predicament. he's writing this in the time of the cold war, the time of the cuban missile crisis or even earlier the korean war and so forth that very early became hot at times so there is an urgency to dealing with these issues of what mistakes did we made to the comedian dealing with the chinese communist or in handling the korean war cities were of old chestnuts of the time he was writing about them. >> host: i realize there is a speculative and probably unfair, all we think of is extraordinary extension of american military power around the globe today. >> guest: that is a good question and i've been doing some retial interviews it comes up frequently because people want to draw some kind of a line of inference from his history to our current involvement in the world. i suppose if we remained consistent we are speculating
here he died nearly half a century ago but central to his conviction was the view that american's role in the world should be that of a kind of parent on state of a nation like to the land of liberty as he put and exceed those of the world were not an enforcer of a work way of life on the world, and he argued that the enforcement in any case would be a very difficult to achieve. that was one of his reasons for wanting to stay out of your web's war in 1939 and 40. he felt that europe was immersed in a pool of hate and would be foolish for the united states if they could come in and transform your up and so his argument was that america should conserve its strength and then use its strength for peaceful purposes to the humanitarian work which of course he exemplified and in that way the united states could help make the world better longer-term. so he probably would have demand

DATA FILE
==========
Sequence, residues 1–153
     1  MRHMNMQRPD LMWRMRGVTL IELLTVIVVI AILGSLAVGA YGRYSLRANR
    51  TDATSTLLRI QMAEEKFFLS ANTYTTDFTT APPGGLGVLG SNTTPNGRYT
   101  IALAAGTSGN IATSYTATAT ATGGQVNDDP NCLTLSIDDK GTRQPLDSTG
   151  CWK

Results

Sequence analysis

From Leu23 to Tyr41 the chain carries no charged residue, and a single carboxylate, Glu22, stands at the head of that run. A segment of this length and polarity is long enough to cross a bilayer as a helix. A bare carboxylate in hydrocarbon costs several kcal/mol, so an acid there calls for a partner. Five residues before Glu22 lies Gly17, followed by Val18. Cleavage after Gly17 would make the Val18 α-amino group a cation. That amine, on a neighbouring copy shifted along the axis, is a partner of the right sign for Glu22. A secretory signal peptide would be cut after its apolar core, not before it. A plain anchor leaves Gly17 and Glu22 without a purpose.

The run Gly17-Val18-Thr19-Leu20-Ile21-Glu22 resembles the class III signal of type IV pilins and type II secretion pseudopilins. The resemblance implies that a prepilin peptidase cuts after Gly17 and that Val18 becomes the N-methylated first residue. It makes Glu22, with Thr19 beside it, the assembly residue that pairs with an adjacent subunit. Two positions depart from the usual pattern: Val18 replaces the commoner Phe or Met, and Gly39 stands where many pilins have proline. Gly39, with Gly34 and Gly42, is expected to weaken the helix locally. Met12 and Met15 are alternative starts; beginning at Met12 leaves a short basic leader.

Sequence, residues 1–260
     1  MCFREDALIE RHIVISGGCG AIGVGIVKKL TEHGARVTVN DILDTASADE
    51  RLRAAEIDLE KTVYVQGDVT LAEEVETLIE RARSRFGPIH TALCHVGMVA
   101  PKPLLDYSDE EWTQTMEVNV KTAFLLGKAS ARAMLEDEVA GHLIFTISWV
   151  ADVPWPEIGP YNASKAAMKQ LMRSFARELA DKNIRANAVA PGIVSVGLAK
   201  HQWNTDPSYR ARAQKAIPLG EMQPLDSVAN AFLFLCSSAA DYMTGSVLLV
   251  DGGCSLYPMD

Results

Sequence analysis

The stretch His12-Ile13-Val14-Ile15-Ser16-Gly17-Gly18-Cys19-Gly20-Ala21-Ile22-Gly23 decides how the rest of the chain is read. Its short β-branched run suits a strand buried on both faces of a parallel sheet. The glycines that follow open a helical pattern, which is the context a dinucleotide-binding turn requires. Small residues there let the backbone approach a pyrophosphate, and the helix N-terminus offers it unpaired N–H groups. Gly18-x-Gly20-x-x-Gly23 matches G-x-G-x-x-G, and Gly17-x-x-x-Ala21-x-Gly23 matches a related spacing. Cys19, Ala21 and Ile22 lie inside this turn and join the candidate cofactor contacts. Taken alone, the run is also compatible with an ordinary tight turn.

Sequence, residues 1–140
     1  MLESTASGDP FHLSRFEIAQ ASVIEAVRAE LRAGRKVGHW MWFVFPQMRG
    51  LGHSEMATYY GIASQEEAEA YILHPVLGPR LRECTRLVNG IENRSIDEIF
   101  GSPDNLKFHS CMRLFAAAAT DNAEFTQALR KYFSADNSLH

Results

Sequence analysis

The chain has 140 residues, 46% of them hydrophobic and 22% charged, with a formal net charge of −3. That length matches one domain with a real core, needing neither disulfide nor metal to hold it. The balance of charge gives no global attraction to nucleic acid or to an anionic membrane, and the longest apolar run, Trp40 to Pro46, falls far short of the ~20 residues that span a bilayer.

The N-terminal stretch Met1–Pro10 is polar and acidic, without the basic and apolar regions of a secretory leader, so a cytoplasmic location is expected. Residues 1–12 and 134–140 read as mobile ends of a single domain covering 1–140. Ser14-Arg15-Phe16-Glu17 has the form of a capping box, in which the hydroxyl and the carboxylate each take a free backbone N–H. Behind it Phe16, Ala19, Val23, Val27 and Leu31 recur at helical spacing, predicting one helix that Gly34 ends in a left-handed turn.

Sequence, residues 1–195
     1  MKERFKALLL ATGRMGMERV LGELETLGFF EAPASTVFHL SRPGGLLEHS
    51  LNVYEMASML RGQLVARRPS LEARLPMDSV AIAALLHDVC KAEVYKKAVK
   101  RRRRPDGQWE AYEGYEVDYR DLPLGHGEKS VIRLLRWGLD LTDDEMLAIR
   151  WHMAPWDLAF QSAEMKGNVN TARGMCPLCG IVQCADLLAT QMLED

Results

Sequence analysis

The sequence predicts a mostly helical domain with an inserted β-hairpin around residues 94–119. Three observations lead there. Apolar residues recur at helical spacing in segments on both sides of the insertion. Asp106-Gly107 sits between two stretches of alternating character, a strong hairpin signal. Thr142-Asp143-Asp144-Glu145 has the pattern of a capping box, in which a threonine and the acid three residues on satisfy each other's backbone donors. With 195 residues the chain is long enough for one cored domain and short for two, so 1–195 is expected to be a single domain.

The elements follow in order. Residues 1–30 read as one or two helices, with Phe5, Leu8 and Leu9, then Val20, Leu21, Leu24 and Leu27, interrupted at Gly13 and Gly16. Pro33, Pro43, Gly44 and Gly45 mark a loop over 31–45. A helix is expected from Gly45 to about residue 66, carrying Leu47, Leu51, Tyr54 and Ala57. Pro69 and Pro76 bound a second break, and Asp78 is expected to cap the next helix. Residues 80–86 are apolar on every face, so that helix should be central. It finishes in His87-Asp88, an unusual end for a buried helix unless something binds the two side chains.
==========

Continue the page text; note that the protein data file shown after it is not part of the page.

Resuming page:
and an interventionist and i am saying this as a one who approached this as an editor and not as an advocate or a critic of hoover i think one could make that kind of inference from his basic view. >> host: you are a thing without a doubt the preeminent hoover scholar. you've written three volumes of the definitive hoover biography. you know the man better than anyone and certainly see more of the speakers than anyone. is their anything that surprised you in the course of doing this project and is their anything you don't know a lot hoover that he would like to? >> guest: i was surprised by the emphasis he played on the polish guarantee as a blunder of the british diplomacy. i was less surprised because he had said so publicly but he develops at a laboratory in this book by his argument that we had made the